A History of the County of Middlesex: Volume 5, Hendon, Kingsbury, Great Stanmore, Little Stanmore, Edmonton Enfield, Monken Hadley, South Mimms, Tottenham. Originally published by Victoria County History, London, 1976.
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In the 1720s Canons held a place in the world of fashion unrivalled by any neighbouring seat. A household staff which numbered 93 by 1722 enabled the duke of Chandos to give banquets for his fellow peers, as well as chieftains from Africa and America; European royalty, too, may have dined there, since servants of the kings of Denmark and Prussia were entertained below stairs. Parties from London were eager to be shown over the mansion and to stroll in its grounds. Although high fees were paid, causing jealousy between the housekeeper and the groom of the chambers, the duke eventually was forced to exclude sightseers on Sundays and to keep the library closed. (fn. 1) Long after the estate had been sold, Chandos's love of music ensured that Little Stanmore was remembered for its connexion with Handel, who composed the Chandos anthems for his patron from 1717 and periodically played the organ in the rebuilt parish church before the dedication of the chapel at Canons in 1720. The orchestra or 'concert', numbering 24 performers in 1719, had its own table in the duke's dining room. From 1719 until 1731 or 1732 the director was the composer and teacher John Christopher Pepusch (1667-1752), (fn. 2) later organist to the Charterhouse. (fn. 3)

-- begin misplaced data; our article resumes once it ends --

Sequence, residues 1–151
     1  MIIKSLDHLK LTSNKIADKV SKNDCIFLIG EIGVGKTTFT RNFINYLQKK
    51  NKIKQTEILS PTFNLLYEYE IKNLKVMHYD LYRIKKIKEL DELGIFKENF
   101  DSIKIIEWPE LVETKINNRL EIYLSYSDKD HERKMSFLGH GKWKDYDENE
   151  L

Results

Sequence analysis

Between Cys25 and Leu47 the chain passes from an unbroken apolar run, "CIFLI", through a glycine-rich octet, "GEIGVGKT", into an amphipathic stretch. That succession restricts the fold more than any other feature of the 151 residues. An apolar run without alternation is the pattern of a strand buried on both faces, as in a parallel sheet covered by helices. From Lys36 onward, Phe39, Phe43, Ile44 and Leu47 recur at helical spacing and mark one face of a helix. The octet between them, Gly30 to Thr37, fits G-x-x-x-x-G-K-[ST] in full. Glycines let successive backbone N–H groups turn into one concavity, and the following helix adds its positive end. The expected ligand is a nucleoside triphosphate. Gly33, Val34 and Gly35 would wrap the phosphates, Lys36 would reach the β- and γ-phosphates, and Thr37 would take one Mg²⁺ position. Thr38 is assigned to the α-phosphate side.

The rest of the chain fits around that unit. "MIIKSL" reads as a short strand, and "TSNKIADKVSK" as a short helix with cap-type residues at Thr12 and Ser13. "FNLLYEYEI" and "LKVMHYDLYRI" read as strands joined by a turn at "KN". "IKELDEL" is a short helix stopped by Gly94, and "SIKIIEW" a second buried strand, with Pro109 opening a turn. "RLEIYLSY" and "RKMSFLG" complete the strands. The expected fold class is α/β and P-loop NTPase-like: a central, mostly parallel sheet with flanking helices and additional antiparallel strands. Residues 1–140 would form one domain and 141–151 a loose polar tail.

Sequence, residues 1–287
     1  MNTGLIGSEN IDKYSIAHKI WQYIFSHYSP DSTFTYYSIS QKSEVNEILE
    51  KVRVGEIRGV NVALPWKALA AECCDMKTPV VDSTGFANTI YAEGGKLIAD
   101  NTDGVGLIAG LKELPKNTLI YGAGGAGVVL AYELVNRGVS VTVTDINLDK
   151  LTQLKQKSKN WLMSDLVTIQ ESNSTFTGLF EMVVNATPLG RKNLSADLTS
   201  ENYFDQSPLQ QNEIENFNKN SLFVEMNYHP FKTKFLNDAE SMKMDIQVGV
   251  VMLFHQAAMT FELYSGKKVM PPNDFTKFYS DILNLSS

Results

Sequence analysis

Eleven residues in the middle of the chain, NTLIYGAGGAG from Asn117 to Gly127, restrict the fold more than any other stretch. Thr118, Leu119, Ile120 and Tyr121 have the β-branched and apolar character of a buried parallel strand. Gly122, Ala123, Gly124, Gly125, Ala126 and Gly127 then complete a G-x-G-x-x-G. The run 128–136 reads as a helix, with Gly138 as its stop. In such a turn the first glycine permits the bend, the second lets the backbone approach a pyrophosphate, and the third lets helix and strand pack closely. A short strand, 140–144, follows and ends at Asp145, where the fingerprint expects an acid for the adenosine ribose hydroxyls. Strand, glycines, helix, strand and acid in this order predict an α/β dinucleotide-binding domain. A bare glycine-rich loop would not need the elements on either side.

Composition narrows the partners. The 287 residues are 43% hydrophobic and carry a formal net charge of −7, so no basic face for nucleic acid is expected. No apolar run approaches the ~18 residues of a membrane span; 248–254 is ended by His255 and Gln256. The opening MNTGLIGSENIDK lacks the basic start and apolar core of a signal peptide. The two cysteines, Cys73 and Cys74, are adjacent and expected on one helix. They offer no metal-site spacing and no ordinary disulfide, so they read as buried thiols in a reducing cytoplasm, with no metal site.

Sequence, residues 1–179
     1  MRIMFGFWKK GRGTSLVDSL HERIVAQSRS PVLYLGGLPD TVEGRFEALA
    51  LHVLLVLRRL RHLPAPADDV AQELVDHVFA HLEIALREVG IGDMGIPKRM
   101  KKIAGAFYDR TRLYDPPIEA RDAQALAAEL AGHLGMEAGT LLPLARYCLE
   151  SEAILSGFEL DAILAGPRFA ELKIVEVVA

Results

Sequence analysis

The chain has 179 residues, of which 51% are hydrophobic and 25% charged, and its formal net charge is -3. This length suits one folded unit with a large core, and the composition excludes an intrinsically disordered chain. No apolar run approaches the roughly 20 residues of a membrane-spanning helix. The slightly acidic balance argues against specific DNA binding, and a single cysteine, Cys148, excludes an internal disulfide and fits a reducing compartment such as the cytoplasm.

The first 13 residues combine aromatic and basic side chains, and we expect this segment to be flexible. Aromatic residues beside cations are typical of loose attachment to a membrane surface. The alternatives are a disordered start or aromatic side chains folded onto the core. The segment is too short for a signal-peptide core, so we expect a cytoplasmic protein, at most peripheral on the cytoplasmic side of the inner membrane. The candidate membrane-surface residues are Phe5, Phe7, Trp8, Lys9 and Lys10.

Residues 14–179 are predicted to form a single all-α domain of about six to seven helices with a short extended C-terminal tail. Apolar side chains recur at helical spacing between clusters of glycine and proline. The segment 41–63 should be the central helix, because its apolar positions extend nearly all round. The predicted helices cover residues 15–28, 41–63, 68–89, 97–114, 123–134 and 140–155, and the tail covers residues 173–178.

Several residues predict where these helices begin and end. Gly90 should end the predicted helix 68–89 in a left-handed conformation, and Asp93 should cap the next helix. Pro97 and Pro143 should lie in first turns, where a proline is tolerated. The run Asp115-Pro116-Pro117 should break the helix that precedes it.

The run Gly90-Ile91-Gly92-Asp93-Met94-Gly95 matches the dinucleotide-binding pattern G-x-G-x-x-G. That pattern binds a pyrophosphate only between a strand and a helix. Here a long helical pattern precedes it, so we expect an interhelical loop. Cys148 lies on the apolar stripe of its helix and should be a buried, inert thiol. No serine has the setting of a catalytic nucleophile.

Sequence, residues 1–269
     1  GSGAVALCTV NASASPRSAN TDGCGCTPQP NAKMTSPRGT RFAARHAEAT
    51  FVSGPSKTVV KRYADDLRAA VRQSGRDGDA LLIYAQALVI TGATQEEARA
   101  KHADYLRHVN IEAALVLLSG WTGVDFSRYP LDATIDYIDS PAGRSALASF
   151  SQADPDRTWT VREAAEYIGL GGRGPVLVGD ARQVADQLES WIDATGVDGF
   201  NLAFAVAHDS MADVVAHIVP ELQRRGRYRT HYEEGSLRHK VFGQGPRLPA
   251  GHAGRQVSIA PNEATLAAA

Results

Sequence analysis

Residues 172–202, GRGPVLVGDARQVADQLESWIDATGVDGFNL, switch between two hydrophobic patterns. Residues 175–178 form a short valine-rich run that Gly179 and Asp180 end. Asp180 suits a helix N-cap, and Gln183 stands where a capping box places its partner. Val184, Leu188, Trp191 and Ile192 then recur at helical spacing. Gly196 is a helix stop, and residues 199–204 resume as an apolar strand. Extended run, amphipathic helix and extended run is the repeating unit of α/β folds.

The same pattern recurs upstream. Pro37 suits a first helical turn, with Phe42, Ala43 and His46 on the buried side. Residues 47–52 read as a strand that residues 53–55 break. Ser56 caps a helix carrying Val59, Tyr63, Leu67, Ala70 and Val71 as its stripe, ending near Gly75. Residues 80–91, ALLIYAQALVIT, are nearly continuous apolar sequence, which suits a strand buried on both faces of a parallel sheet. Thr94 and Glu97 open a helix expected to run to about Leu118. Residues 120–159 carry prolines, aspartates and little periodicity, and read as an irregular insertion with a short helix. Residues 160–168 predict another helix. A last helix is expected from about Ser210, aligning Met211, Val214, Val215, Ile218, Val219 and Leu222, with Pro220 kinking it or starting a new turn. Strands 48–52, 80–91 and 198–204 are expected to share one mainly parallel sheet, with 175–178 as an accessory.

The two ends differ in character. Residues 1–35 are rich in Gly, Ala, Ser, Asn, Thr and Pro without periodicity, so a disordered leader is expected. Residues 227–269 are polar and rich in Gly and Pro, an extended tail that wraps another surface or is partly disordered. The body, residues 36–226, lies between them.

Despite earlier local protests against hunting, (fn. 4) in 1840 the parish's future incumbent Benjamin Armstrong recorded a good outing with the Queen's stag hounds before the deer was taken at Stanmore. (fn. 5) The parish proved too small to support many of the clubs which were a feature of the late 19th century, when people presumably attended the fairs and other amusements in Edgware. (fn. 6) Under a Scheme of 1899 the old National school building on the south side of Whitchurch Lane was to be used as a Sunday school and for the general benefit of the parishioners. The building was known as the institute and used as a hall and working men's club (fn. 7) until its demolition for road widening in 1930. The Whitchurch institute was built on the corner of Buckingham Road and Chandos Crescent in 1932. (fn. 8)